Dating campagnolo parts dating online picture

Because the mystique of Campagnolo -- part of the attraction of the world's finest cycling components, derives from the history and tradition that started on a cold day in the Italian Dolomites, some 70 years history of Campagnolo begins in 1901, when Tullio Campagnolo was born into a modest, working-class family in Vicenza, Italy.

Tullio's father owned a hardware store, and it was there that he began the tinkering that would lead to many of the most momentous developments in cycling history.

It was also during these early years that Tullio found cycling -- a sport at which he found some success as an amateur, competing in a number of major events, including Milan-San Remo, Giro di Lombardia, and the preliminary heats of the Olympic games.t was during one of Tullio's races as an amateur that he confronted a problem which often faced cyclists of those days -- removing a wheel.

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), Tullio was riding over the Croce D'Aune Pass in the Gran Premio della Vittoria race and needed to remove his rear wheel to change gears (more on that below).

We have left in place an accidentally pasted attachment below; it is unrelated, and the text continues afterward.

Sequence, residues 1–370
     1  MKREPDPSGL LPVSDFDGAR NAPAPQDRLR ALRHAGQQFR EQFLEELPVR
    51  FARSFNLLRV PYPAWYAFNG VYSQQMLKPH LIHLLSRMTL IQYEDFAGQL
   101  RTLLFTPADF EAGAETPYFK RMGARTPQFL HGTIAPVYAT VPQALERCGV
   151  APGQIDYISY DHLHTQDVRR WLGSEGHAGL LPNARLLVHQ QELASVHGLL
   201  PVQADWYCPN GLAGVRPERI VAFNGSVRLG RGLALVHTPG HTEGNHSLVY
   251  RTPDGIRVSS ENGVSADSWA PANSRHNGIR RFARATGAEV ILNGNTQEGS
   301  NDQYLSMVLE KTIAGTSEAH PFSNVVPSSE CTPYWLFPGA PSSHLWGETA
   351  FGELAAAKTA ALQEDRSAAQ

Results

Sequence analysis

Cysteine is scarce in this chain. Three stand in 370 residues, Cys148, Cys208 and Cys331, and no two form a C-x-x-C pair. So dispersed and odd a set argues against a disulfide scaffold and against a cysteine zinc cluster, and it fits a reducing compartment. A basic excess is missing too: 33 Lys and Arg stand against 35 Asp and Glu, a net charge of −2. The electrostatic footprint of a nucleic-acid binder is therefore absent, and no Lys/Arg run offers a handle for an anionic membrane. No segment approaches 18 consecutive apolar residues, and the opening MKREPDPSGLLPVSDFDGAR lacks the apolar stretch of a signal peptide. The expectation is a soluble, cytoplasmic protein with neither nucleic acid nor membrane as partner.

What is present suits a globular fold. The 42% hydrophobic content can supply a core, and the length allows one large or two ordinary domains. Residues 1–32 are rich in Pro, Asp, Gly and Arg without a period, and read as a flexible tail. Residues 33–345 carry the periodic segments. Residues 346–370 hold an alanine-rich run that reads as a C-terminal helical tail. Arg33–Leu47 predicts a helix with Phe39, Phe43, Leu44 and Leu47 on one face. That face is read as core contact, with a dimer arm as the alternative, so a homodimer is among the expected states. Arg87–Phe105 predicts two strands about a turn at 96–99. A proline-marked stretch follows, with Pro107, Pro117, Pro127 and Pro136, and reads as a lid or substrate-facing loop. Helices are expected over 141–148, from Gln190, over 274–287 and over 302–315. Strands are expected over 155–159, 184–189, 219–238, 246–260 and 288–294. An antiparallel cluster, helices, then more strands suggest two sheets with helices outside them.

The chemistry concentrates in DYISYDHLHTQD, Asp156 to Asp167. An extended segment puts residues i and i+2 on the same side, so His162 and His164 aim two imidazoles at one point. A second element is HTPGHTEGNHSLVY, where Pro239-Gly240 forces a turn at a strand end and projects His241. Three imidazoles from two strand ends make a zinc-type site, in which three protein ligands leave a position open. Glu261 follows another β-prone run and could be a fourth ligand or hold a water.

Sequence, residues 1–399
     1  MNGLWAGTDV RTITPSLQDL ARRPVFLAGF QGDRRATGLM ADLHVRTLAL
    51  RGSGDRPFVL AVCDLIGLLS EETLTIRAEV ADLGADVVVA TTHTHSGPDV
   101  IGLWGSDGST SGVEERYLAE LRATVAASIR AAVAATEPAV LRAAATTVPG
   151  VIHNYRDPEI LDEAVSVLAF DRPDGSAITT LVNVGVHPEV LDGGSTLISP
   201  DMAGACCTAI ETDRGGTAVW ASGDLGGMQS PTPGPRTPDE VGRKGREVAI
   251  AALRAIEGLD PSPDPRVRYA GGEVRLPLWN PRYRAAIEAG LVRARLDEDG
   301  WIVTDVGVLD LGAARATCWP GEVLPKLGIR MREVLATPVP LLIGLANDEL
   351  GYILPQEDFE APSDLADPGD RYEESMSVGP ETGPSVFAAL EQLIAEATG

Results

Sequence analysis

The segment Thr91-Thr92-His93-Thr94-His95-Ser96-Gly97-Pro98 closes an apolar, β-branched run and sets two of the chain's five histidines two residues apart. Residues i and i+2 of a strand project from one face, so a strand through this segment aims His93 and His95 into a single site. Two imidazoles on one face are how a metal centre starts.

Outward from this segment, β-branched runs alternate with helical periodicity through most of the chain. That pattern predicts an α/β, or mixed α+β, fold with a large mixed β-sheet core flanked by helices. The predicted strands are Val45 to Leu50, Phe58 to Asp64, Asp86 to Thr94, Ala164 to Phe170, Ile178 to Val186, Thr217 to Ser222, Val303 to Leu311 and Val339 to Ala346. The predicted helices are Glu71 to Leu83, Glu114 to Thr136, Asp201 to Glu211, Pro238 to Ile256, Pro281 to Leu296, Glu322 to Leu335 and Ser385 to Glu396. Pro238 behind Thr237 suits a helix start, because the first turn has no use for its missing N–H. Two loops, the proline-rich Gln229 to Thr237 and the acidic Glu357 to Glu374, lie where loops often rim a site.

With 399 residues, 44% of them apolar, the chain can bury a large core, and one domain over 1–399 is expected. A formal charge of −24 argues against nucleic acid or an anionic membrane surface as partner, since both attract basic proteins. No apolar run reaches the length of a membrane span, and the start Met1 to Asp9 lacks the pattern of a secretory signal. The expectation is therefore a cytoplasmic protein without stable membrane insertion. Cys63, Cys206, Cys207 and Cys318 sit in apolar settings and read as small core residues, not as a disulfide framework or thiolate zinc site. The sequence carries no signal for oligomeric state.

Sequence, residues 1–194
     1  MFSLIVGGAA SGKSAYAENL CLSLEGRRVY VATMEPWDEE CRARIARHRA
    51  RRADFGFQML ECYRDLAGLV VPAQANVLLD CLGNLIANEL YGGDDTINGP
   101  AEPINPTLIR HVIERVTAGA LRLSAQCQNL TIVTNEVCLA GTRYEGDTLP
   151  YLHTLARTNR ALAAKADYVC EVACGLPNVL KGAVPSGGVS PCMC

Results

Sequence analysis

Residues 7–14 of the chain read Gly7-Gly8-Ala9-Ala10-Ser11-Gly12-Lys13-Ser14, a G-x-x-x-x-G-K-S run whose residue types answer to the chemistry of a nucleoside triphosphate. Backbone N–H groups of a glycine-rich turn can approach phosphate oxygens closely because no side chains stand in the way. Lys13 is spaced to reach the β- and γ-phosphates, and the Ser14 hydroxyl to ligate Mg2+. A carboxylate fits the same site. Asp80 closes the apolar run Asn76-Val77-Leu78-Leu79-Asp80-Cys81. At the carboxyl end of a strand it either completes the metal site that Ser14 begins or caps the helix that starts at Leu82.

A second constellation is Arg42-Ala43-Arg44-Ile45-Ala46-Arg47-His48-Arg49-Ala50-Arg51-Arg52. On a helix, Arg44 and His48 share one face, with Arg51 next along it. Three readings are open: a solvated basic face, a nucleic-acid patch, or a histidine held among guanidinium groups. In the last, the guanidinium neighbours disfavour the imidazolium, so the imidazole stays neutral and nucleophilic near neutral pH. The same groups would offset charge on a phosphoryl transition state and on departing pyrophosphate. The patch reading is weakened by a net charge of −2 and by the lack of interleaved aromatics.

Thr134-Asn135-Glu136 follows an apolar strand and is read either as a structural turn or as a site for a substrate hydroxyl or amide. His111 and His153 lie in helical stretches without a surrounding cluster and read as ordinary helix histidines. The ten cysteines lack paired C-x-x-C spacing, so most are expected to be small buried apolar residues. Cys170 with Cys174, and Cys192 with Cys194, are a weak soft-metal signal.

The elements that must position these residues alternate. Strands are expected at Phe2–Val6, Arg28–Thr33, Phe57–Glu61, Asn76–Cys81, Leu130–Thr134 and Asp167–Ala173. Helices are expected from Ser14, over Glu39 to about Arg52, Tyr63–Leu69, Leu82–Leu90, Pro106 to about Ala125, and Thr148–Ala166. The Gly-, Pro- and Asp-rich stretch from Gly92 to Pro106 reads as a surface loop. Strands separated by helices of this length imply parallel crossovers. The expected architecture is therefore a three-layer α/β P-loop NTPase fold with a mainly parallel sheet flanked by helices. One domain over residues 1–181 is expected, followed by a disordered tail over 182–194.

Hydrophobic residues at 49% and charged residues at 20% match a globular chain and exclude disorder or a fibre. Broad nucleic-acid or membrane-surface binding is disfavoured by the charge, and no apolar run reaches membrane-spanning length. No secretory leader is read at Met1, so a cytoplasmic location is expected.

Because the large wingnuts that held his wheel on had frozen and his hands were too cold to budge them, he was unable to remove his wheel to change gears, and lost his chance at victory that day. ") and that simple event -- a wheel that couldn't be removed -- started Tullio thinking.

He went back to his workshop, and emerged with the invention of the quick-release lever (in 1930) and, soon after, an early bicycle derailleur (1933).

In those days, bikes had either one gear (one cog on the rear wheel) or two.

Those two-speed bikes had one cog on each side of the rear hub.

To change gears, the rider would dismount, remove the rear wheel, flip it around, tighten the whole thing up again, remount, and continue riding.( saw the potential for a different shifting system. he introduced the first quick-release hub, answering the challenge he had made to himself three years earlier.In 1940 he invented the dual-rod "Cambio Corsa" shifter (as pictured at right).The Cambio Corsa was followed by the "Roubaix" shifter, which combined the quick release and chain mover into a single lever.The shifting was archaic by today's standards, but it was widely used in the pro peloton for at least a decade, until the introduction of Campagolo's "Gran Sport" derailleur in 1951.Here's how it worked: The Cambio Corsa shifter consisted of two levers and rods, attached to the right-side seatstay.

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